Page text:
Feb 28, '02Empathy is a quality not all care providers have. Some people just gloat in the fact they are able-bodied, so they talk down to those that are not. It's very wrong, and I hate it too.
I hated it when I was in clinicals and the older folks couldn't feed themselves, didn't want to eat, and couldn't talk...thats when it bothered me the most. I used touch during those times, and retina to retina communication techniques. Many of the other students baby-talked the older adults, and it was boarderline revolting with me. I wanted to be their voice, and in some instances I was. I'd wait till the "baby-talker" was in the break room, or something, I'd listen to them, then (with my own abilities) baby-talked them, with an adult voice. It upset them. Didn't get me anywhere, but, they knew what it meant to be spoken down to. I shouldn't do that, and am realizing i can not change people.
Feb 28, '02I always try to pitch my voice lower than normal when I'm speaking with an elder. My grandmother could only hear/understand when I did that. It's Difficult to do when speaking loudly, too. At least for me.
I love sushi, too. I've never spent that much money on it, but I'm sure I would if I let my teenaged daughter "loose" in there! MMMMMMmmmmmm
Mar 1, '02I always love the nurses who SCREAM at the vent patients. I guess they figure the ET tube plugs up the ears as well...
Mar 1, '02I inherited my dad's voice and snore.....and I am a daughter.........so my voice tone is usually a bit low pitched and that seems to work well with pt. hoh, etc......
I do have a bit of country in me, but also ingrained country respect.......Mr. Mrs. Using name, asking patient what they like to be called.........
but if I have a pt. that says.....please call me bud, I will call them bud.............and yes, a hon has escaped my lips, after I have taken care of same patient a few days.......know not p/c........
I also try to use sir, ma'am and full first names for those of younger generation.....
patient care and empathy is focus..........what patient prefers.........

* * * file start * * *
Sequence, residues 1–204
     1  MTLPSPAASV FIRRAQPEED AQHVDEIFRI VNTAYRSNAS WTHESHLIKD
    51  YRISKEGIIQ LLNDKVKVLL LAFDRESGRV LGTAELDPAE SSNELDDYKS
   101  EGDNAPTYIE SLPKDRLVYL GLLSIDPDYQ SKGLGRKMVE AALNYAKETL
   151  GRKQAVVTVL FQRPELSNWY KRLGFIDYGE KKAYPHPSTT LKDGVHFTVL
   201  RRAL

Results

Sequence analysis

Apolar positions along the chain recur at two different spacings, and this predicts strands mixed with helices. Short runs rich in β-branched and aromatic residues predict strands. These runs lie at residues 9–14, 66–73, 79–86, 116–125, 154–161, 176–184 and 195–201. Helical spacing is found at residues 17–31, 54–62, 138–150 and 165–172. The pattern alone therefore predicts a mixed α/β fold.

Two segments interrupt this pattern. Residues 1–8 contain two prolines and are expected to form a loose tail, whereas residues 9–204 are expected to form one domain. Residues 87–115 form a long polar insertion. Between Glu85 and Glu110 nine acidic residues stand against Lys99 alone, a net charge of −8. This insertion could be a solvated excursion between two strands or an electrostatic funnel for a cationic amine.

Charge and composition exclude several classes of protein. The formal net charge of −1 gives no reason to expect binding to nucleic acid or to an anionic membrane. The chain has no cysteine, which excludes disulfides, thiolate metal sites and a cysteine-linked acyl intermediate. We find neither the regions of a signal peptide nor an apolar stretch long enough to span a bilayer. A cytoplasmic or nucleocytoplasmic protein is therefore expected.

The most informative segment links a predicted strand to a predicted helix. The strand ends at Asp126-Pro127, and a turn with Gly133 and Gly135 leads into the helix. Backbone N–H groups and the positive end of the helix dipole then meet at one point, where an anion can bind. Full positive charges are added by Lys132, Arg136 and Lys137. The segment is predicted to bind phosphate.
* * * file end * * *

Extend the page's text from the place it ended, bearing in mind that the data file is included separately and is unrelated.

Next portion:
different when you have also been on other side of the bedrail.....
Mar 20, '02This really sets my teeth on edge and I think that the reason is that as a society we do not have respect for our elderly.
I have been in nursing for 10 years, many of those in the LTC setting. I have been disgusted and angered by the way that people treat our elderly. They are either treated like objects or children. Who do you think made our country what it is? These people are not useless or mindless. Everyone has purpose on Earth and just because you can't see it doesn't mean that it isn't there! These people provided an invaluable service to us, by being mothers, servicemen etc. and we need to treat them accordingly.
I ALWAYS say sir and ma'am and use Mr. and Mrs. it is all about respect and thank you Matt for saying what so many of us were thinking.
And as a point of reference from someone who worked with Alzheimer's patients for 2 years. A lower tone always works better than a high pitched one. Oh yeah, and did you ever think that maybe sometimes they don't answer you because they DON'T WANT TO? So speaking louder or higher or babytalking more won't make a bit of difference Just because they are old doesn't mean that they don't have brains or opinions. Or maybe they don't answer the babytalkers because they are trying desperately not to 'slap the syrup' out of them. (that would be me):kiss Mousy
Mar 20, '02smiley mouse..............you sound pretty wise mouse to me.........
yes, I have been told by some elderly people i know that they don't have much control over things anymore but sometimes a lil' HOH is a good excuse to tune people out...........
again i restate in my usual voice.........low tone slightly slower to ensure understanding and eye contact...................
with all my patients...........and if hearing loss is a ???, then low and slow tones are heard best..........
understanding differences in communication styles, language/colloquillism(chk splg), personality types is also important in all of our communication with others..........especially when it is as vital as in our job.............
patient teaching is essential........and dang that even with another nurse(if they are a patient.......am i going to start out with indepth physiology initially)..............oops.....that sounds like another thread subject.......whatcha think y'all!